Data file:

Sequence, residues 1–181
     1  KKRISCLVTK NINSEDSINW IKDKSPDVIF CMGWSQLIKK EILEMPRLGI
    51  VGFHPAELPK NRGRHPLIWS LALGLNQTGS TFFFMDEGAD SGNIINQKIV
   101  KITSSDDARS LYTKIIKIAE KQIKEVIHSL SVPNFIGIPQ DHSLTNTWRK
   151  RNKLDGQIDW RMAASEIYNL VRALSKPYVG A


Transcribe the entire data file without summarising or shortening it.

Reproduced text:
Sequence, residues 1–181
     1  KKRISCLVTK NINSEDSINW IKDKSPDVIF CMGWSQLIKK EILEMPRLGI
    51  VGFHPAELPK NRGRHPLIWS LALGLNQTGS TFFFMDEGAD SGNIINQKIV
   101  KITSSDDARS LYTKIIKIAE KQIKEVIHSL SVPNFIGIPQ DHSLTNTWRK
   151  RNKLDGQIDW RMAASEIYNL VRALSKPYVG A